“We’re looking for projects that could help reduce food waste, prevent litter or deliver local solutions to household waste,” Ms Capp said.
Grants up to $5000 are available for community groups, schools and non-profit organisations, while social enterprise startups and university researchers can accesses grants up to $25,000.
City of Melbourne Environment portfolio Chair Cathy Oke said it was important for council to support residents and community groups that are trying to avoid waste.
“Residents and businesses are overwhelmingly telling us they want reduce their environmental impact, and we want to respond to their goodwill,” Ms Oke said.
“Whether it’s home composting and using worm farms to reduce organic waste, or coming up with a solution for glass recycling, we can all have an impact.”
Applications close 16 October 2019.
The Western Australian government has announced a further $1.17 million in funding for projects that will support the state’s waste and recycling sector.
Environment Minister Stephen Dawson said the latest round of funding supports the continued development of waste and recycling infrastructure in Western Australia, and reinforces government’s commitment to a cleaner, more sustainable environment.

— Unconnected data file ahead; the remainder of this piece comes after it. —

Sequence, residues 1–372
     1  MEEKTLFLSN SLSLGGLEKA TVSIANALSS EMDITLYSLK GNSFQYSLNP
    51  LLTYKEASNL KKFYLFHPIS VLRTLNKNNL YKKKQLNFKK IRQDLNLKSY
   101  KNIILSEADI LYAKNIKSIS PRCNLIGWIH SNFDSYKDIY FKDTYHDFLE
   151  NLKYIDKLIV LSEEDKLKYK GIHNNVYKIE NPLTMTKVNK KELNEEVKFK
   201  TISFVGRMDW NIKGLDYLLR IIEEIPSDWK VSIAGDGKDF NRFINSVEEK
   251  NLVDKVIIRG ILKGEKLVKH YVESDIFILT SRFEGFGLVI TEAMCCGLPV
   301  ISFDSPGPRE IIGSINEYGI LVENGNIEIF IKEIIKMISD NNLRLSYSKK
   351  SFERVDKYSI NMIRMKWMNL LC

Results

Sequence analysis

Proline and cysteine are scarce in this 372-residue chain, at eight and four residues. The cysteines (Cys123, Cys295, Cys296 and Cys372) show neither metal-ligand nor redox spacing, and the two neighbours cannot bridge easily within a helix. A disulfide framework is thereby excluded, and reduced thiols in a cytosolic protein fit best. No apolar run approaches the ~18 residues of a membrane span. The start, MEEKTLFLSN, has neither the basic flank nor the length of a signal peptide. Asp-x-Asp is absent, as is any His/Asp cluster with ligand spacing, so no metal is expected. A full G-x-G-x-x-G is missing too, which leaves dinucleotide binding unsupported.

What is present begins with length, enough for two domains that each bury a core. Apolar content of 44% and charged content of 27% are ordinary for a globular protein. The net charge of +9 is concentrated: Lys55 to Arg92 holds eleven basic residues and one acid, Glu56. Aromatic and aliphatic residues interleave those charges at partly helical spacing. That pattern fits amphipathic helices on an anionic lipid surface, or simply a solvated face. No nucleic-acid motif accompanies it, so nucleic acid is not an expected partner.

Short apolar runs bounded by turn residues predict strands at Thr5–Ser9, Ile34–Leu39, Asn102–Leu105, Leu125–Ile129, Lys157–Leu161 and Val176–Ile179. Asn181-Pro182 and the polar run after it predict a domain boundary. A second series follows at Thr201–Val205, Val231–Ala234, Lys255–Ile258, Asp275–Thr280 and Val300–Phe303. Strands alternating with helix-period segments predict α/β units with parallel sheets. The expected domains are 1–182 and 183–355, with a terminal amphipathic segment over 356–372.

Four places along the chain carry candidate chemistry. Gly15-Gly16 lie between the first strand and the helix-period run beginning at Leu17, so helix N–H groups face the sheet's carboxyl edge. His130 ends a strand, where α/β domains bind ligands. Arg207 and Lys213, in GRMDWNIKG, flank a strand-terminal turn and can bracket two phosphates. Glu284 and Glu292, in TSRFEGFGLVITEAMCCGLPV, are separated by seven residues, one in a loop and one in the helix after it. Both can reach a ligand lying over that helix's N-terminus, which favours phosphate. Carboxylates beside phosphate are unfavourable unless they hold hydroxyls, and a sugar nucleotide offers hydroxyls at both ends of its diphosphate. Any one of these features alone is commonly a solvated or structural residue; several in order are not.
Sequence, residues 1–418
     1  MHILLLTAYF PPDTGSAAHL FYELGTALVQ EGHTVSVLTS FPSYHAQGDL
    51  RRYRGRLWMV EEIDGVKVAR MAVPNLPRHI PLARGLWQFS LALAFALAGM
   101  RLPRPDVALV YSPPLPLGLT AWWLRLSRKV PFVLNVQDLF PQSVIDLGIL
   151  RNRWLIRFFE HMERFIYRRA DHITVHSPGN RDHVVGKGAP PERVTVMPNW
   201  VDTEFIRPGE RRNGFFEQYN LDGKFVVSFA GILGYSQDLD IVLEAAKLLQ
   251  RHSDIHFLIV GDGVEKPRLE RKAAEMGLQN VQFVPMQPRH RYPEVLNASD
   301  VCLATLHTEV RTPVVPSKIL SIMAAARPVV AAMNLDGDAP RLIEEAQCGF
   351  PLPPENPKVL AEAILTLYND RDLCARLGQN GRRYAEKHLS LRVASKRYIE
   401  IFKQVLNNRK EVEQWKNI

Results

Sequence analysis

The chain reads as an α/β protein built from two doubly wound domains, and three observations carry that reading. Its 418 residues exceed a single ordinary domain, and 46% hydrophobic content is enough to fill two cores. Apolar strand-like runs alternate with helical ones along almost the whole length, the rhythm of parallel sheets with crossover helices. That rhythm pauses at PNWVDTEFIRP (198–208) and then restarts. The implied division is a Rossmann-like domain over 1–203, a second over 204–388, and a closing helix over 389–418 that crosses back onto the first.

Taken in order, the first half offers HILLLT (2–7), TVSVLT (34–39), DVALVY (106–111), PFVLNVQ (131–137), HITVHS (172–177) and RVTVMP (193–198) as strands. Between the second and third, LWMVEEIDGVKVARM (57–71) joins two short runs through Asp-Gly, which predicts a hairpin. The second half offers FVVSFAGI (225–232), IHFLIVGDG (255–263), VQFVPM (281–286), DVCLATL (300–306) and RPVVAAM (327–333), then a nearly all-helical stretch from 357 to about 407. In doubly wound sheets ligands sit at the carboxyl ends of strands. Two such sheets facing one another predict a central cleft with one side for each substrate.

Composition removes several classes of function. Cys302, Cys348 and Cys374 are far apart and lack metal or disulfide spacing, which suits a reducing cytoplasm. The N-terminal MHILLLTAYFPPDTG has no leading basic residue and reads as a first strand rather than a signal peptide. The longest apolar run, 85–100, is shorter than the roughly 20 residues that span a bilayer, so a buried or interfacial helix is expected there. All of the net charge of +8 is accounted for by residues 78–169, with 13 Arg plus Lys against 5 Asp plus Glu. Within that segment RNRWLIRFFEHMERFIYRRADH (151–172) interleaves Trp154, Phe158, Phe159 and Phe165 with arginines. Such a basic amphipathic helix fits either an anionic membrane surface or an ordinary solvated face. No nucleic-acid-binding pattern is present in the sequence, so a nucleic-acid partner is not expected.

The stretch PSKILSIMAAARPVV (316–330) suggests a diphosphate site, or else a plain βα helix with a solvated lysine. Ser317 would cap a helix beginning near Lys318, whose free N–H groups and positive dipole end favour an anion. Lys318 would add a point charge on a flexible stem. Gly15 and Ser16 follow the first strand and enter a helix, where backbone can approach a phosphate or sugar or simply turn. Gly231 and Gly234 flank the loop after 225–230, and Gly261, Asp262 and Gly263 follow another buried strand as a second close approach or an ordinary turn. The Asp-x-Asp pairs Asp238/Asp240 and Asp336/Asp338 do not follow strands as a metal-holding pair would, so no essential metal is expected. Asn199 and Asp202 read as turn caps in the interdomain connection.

“Waste is a priority issue for the state government, and we are committed to funding initiatives through the Community and Industry Engagement program,” Mr Dawson said.
“This program gives industry and community groups financial backing for projects that contribute to Western Australia becoming a sustainable, low-waste, circular economy.”
Projects to improve the recovery and reuse of glass, construction and demolition materials, food organics and garden organics, as well as those that encourage behaviour change, are encouraged to apply for a funding grant.